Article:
by Amy Zellmer, Editor-in-chief
Spring is such a beautiful time of year, and a reminder that what once was dormant and ugly is now blooming and bright!
Recovery from brain injury can feel a bit like the changing of the seasons . . . one minute you feel like you’re in the darkness of winter, and the next you feel like a bright, sunny summer day There isn’t always a rhyme or reason for this drastic change of season; it’s just how life is with a brain injury.
This issue is particularly important to me. Dizziness is one of the most common symptoms I hear from survivors in my group . . . as well as individuals who aren’t sure they’ve ever had a brain injury, but struggle with bouts of dizziness.
Dizziness can be completely debilitating. After my injury, I constantly felt like the world was moving and swaying around me. I never felt stable on my feet, and I didn’t trust my depth perception — I constantly ran into doorjambs or corners of tables (I still have the bruises to prove it).
I told every doctor I saw that I felt my dizziness was coming from my eyes. As a lifelong photographer I was unusually tuned-in to my vision and knew something was “off” with my eyes, but couldn’t quite put it into words. Doctors would listen and quickly dismiss me, saying, “Oh, that isn’t really possible.”
Little did I know that I was actually on the right track and that traditional doctors genuinely don’t have a firm grasp on all that a brain injury entails. When your vestibular system isn’t working properly, and your eyes aren’t tracking together, your body is constantly trying to figure out where it is in space — is it upright or falling over!?!?
I was fortunate to stumble upon Functional Neurology, after two-and-a-half years of struggling with trying to get traditional doctors to listen to me — and believe me. Rather than take anti-depressants, I wanted to get to the root cause of my dizziness.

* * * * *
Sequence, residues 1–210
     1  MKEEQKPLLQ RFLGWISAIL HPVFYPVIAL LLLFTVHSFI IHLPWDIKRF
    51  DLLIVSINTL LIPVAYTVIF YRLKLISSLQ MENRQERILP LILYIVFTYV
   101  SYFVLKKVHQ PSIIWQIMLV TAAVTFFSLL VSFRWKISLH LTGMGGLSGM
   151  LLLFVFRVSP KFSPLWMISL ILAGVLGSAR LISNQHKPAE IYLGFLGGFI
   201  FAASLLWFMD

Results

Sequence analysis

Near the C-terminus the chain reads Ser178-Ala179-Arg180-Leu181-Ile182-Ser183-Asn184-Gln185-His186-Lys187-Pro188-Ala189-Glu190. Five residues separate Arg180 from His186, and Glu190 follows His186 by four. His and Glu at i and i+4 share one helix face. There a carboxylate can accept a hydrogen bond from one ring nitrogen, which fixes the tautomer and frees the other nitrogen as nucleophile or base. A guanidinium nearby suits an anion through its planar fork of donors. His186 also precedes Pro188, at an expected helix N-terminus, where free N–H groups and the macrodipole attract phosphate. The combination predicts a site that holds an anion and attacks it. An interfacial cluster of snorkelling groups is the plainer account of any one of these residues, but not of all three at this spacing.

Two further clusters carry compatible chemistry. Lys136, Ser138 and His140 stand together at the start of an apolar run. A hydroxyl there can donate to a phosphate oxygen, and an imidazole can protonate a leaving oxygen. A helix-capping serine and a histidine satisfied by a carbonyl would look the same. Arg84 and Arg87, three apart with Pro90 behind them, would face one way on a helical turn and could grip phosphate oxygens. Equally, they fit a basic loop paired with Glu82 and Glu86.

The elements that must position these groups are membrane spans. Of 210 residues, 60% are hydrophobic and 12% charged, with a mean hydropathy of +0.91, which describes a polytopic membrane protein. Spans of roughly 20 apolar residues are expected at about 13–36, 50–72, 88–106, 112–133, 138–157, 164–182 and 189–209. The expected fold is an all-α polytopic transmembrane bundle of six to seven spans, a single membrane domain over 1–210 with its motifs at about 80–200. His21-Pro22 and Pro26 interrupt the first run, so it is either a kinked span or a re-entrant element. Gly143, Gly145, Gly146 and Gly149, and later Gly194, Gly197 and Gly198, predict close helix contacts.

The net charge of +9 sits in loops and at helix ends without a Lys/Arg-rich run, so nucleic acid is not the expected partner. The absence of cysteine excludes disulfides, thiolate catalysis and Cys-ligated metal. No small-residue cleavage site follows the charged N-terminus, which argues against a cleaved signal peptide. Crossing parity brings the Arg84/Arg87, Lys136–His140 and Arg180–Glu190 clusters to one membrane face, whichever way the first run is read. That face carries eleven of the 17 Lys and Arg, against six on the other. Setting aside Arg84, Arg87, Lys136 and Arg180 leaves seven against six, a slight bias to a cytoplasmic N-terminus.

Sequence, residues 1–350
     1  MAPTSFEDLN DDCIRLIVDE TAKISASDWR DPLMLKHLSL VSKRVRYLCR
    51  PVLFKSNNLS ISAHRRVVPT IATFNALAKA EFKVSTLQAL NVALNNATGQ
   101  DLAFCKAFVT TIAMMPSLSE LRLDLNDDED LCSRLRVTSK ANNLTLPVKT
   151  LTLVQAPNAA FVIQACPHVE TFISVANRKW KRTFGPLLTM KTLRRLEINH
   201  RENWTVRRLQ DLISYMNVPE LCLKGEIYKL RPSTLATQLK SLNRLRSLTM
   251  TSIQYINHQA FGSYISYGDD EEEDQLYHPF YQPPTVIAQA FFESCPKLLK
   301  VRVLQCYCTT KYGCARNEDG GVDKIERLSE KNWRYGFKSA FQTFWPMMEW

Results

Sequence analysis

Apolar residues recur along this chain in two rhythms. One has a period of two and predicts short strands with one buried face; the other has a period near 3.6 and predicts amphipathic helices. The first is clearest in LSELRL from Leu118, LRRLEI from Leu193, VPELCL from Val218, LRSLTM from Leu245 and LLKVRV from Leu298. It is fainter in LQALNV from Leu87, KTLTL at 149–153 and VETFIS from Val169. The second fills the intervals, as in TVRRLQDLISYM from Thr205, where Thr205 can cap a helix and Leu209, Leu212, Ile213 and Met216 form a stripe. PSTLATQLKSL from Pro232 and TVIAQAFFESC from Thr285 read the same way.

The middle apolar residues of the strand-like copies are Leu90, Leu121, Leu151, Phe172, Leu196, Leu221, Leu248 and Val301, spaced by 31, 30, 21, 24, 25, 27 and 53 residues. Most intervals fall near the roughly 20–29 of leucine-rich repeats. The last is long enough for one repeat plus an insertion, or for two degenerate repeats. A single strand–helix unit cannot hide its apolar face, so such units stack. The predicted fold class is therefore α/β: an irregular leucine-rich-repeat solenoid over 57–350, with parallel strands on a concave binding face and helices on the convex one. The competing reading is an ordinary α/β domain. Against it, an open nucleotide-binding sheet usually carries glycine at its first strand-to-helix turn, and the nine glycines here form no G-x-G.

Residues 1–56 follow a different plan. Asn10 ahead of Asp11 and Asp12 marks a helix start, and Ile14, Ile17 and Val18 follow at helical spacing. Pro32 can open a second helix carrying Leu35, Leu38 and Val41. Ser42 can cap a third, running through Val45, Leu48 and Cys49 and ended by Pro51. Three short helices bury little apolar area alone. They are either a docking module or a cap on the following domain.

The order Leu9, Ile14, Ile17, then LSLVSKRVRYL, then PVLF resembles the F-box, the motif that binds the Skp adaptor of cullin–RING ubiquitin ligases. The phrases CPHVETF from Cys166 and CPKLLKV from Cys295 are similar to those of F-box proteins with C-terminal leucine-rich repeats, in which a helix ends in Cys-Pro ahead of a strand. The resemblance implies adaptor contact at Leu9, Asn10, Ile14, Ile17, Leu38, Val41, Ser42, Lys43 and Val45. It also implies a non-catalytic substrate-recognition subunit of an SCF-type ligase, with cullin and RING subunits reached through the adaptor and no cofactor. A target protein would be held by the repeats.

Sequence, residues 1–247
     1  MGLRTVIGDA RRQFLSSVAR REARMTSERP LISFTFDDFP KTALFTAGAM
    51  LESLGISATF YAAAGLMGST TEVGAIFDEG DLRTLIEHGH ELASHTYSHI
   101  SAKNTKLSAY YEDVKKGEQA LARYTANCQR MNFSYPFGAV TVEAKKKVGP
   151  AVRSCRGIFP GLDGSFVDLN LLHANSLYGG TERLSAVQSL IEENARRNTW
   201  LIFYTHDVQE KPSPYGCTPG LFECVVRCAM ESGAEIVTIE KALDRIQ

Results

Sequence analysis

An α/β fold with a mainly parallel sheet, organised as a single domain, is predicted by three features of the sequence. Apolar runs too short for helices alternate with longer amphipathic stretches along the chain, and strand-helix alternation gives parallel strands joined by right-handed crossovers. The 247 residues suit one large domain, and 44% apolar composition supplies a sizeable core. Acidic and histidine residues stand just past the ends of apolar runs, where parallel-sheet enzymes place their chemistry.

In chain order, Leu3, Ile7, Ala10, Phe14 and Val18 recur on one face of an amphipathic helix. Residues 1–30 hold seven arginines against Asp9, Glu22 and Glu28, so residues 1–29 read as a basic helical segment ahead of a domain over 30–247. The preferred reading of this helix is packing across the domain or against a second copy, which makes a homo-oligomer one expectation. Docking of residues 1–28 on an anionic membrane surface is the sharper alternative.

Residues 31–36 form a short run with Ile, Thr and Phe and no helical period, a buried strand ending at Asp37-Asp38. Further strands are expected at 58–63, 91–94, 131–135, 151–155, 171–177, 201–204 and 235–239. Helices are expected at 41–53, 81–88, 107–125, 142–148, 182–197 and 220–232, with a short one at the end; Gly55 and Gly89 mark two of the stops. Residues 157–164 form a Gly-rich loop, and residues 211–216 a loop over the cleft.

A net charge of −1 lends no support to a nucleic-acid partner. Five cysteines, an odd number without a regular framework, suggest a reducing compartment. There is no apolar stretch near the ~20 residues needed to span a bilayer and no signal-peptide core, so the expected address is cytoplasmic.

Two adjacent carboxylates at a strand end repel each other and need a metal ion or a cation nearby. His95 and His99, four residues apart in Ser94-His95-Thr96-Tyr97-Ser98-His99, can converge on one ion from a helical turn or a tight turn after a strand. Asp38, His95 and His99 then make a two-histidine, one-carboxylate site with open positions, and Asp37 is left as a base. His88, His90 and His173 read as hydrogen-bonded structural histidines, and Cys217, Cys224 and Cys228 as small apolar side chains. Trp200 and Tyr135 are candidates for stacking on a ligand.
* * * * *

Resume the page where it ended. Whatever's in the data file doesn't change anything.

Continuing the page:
Functional Neurology truly saved my life; I was at the end of my rope. I didn’t know how much longer I could tolerate feeling the way I had been, especially since no doctor seemed to understand or believe me. Dr. Jeremy Schmoe took one look at me and validated everything I had been saying . . . my eyes weren’t tracking together and that was exactly what was causing my constant dizziness.
Through a course of exercises over a period of two or three weeks, I was finally catching a glimpse of the old me — the me that had been withering away for two-and-a-half years, the me that had given up hope on ever feeling normal again, the me that knew the medical system needed to take note and listen . . . not just hear, but listen. I finally saw a light at the end of the tunnel, and knew that I was in good hands.
It’s important that we listen to our bodies — they will tell us everything we need to know. It’s also important to understand that traditional doctors don’t necessarily know everything about everything. Many receive less than an hour of training on brain injury, so can we really fault them for not understanding such a complicated condition? It’s critical that you look outside the traditional box and seek out alternative healthcare providers who truly do understand brain injuries and how to help you get better. There is always hope . . . no matter how far out from your injury you may be.
Amy Zellmer is an award winning author, keynote speaker, and TBI survivor and advocate. She is Editor-in-chief of The Brain Health Magazine, and hosts the Faces of TBI podcast series, as well as TBI TV on YouTube.